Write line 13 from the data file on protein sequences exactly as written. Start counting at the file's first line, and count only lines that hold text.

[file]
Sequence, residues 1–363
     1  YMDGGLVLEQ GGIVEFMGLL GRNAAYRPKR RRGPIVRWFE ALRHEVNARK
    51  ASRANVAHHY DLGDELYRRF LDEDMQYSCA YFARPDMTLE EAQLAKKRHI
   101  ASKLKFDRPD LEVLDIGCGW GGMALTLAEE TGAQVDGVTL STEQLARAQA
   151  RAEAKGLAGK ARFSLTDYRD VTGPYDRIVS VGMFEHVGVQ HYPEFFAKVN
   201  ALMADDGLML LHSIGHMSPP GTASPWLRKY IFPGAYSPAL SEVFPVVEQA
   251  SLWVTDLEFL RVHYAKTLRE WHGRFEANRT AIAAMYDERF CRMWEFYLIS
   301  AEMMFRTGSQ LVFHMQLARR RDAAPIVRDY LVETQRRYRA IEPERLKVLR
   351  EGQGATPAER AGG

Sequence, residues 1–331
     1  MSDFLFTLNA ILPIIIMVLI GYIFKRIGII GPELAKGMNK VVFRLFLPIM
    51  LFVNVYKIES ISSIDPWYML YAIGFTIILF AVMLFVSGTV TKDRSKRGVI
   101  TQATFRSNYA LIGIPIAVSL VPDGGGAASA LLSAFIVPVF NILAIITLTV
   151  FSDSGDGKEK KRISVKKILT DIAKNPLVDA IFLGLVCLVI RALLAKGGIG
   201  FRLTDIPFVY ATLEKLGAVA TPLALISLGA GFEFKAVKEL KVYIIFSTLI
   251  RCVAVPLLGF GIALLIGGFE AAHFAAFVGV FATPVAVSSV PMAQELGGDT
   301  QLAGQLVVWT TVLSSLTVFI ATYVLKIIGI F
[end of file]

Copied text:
   101  TQATFRSNYA LIGIPIAVSL VPDGGGAASA LLSAFIVPVF NILAIITLTV